My mission to do my letters proud turned into my barely graduating from college. I lost myself in Greek life. Over 25 years later and wiser, I often tell younger Divine Nine members about my academic stumbles to call their attention to the importance of personal accountability as a fraternity or sorority member. However, my mistakes were not a result of being a simple frat boy but rather my failure to marry my individual values with the standards of the frat.
To keep it one hundred, my failures as a Greek in college were my fault. It was my fault that I chose parties over homework and step practices over studying. The aims of my fraternity are crystal clear—“Manly deeds, SCHOLARSHIP and love for all mankind.” That’s why I quickly stop people who blame Greek life for students’ setbacks. If it’s Greek life’s fault, why do I have so many frat brothers who graduate with GPAs over 3.0? I was no longer true to who I was—a man of excellence.
That said, I issue a stern warning to fraternity and sorority members—know who you are. As I mentioned in my very first Greek life blog for HBCU Lifestyle: How to pick the best fraternity or sorority…for YOU, every interested member should know himself or herself before even considering a fraternity or sorority. As I say in “The Black Greek Success Program”, knowing who you are is the difference between becoming a slave to your letters or investing in the mission of your organization. Had I invested in Alpha’s mission, I would have been one of those brothers who graduated with much more dignity like so many of my frat brothers and other Black Greeks do.
Here is how I think you, a college Greek, can continue to do your fraternity or sorority proud while being true to who you are.
Never forget why you are in college.
College is your first big step in your journey toward a great career and life. When you think of it that way, you should have no problem placing academics above Greek life. Think of it this way. As a job recruiter, I am currently looking at recent college grads for a national project. While a GPA is not the primary reason I would recruit you, it is still important. A high GPA tells me that you have prioritized your future and it moves your résumé closer to the top of the pile.
Besides, you would not have a fraternity or sorority to pledge without the college you attend. Also, almost every single fraternity and sorority—black, Latino, white or otherwise–has something in its mission or aims about dedication to academic excellence.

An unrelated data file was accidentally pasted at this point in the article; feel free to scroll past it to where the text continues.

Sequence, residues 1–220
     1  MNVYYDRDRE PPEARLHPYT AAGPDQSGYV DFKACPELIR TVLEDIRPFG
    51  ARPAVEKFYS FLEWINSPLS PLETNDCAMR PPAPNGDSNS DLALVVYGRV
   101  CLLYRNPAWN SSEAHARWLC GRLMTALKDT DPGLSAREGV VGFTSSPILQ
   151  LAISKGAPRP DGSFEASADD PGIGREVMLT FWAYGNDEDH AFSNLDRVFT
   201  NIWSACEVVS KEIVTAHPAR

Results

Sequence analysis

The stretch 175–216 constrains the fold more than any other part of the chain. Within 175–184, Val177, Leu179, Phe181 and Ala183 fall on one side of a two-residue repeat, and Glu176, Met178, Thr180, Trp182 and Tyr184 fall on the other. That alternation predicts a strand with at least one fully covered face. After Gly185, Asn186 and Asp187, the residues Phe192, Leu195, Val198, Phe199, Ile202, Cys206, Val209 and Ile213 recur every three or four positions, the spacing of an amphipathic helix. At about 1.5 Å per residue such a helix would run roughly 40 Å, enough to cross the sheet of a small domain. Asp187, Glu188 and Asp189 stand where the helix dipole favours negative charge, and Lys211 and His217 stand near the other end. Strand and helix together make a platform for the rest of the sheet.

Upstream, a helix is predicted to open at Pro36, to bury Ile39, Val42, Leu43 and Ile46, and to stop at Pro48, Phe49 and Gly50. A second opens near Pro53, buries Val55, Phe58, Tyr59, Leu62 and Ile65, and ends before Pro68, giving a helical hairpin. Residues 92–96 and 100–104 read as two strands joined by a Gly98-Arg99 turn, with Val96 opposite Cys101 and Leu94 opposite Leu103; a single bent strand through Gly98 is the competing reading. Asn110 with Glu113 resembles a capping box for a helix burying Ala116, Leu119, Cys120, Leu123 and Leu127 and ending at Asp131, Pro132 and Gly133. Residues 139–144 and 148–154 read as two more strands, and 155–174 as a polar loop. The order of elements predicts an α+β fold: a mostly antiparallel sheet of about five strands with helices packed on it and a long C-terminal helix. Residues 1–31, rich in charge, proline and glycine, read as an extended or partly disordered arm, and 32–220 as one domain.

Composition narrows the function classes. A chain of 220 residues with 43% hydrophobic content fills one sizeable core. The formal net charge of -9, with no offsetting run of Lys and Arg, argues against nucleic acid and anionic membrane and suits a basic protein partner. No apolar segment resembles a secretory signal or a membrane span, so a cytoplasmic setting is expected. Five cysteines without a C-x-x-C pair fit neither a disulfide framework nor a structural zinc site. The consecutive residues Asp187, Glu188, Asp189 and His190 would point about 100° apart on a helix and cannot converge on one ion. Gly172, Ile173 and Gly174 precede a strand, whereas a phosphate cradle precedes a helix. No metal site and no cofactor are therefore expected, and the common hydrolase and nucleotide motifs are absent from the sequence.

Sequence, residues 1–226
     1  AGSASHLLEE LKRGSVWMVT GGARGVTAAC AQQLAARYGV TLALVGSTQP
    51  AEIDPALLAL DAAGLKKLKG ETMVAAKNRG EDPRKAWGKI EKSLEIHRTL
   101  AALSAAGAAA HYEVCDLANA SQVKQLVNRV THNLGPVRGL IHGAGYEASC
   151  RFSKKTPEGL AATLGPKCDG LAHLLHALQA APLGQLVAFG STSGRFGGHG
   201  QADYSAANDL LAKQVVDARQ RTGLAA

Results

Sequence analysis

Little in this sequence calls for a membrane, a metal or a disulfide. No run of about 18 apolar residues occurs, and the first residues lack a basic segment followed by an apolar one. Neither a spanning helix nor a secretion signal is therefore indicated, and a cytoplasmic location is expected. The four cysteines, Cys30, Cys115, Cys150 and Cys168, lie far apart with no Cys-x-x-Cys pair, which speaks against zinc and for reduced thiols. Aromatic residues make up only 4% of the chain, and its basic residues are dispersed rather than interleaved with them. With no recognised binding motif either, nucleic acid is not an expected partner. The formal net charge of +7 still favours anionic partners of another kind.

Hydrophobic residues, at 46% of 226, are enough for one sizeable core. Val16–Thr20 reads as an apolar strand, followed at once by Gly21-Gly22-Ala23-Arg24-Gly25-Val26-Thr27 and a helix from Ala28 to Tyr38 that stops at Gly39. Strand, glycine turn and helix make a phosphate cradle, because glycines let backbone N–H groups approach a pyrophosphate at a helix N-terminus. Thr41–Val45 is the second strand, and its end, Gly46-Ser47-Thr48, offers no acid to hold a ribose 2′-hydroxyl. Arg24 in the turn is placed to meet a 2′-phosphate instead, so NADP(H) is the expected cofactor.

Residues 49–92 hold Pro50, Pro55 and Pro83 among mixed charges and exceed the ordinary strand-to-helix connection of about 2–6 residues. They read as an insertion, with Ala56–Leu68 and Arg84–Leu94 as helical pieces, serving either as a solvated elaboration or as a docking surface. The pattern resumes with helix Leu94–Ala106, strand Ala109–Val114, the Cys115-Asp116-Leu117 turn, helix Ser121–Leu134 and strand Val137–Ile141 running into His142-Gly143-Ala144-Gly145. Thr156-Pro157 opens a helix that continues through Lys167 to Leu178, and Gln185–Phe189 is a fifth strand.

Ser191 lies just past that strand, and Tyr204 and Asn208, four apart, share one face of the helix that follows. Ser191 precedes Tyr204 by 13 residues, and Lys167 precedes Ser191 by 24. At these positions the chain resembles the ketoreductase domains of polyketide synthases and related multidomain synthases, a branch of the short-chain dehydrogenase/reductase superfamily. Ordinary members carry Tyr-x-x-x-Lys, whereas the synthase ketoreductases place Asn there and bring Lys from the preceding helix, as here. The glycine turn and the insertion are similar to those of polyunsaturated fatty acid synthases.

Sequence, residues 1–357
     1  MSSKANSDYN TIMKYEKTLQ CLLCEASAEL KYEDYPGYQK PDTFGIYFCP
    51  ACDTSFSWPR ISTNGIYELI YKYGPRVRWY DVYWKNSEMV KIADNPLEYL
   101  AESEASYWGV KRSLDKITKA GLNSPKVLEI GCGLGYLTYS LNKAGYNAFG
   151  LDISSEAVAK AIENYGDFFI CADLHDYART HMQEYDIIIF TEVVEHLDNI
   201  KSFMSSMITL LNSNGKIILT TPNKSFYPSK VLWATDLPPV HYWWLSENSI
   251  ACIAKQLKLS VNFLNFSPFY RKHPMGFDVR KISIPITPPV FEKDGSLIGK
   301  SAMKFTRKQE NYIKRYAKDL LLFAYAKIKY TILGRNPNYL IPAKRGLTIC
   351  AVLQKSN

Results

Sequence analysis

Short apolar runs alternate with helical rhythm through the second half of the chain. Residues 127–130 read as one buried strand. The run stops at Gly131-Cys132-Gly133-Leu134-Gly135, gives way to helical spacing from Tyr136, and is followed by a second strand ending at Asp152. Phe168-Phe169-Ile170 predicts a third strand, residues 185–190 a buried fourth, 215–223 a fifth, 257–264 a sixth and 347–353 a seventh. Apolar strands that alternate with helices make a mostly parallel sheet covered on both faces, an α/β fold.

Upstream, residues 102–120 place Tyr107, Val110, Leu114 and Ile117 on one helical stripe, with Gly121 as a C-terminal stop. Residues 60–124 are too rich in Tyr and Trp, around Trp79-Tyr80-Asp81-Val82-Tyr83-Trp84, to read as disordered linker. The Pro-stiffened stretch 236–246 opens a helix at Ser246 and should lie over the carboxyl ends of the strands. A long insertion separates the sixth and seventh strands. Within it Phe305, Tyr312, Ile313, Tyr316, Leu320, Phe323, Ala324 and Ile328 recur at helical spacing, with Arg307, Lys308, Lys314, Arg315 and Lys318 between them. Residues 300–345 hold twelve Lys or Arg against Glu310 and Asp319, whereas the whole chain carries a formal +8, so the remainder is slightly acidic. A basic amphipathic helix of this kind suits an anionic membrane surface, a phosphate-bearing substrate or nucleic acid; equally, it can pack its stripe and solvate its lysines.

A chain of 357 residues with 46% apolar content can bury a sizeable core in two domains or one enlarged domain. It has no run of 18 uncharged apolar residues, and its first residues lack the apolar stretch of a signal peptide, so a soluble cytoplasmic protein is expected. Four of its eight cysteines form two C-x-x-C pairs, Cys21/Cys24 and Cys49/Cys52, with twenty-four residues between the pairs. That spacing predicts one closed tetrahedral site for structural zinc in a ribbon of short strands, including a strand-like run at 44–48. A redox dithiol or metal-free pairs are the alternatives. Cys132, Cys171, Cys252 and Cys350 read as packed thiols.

Never forget where you came from.
Our formative years helped build our social values, sense of work ethic, and mental grit among many other things. These are all things that helped form our personalities. For some this is a great thing while it isn’t so great for others. Whatever your view of those early years, use them as motivation to be the best you that you can be.
Never forget whose you are.
My parents were high school teachers whose students went on to become business owners, professional entertainers and artists (including opera singers who graced stages of Europe), educators, and elected officials. It’s safe to say that I could not commit a crime in my community. I was, and still am, “Mr. and Mrs. Francis’ son.” The deeper I got into my career and my responsibility to my community, the more I embraced being the youngest child of Nelson and Juanita with everything I had.
We have a responsibility to our people. For those of us whose families and friends built a fine reputation in our communities, we are a part of a beautiful tradition. For those whose families have been on the opposite end of the spectrum, we belong to a tradition that needs an agent of change. Your wearing letters is an indication of how much faith someone had in how you can be a catalyst of a community.
Never forget what you want to be.
One reason we were attracted to the organizations we belong to is we saw it as a part of our journey. An integral part of Divine Nine life is the poetry we memorize because that poetry motivates us. So many of us are dreamers and our dreams are priceless. When we invest in our letters, they amplify our personal values and our ambitions. Stay focused on who are and that will serve as a foundation for you to become what you want to be.
Always have balance in your thoughts.
It is important to challenge your own thinking about situations before you take action. For instance, I chose parties over academics because I didn’t challenge myself to stay true to who I knew myself to be. Throughout college and the few years following your graduation, you will hear a lot of background noise from people and you will be tempted to sway in certain directions.
A Psychology Today blog post titled “To Thine Own Self Be True” offers five critical questions that we should ask ourselves to make sure we are true to who we are:
“How much of the time do you feel that you can be the real you? Are you easily influenced by other people? Do you always stand up for what you believe in? What are the barriers to being yourself? How well do you know yourself?”
The last question is the most critical because I believe answering that one is the key to navigating almost every situation in life. Knowing who you are is what makes your letters shine the brightest.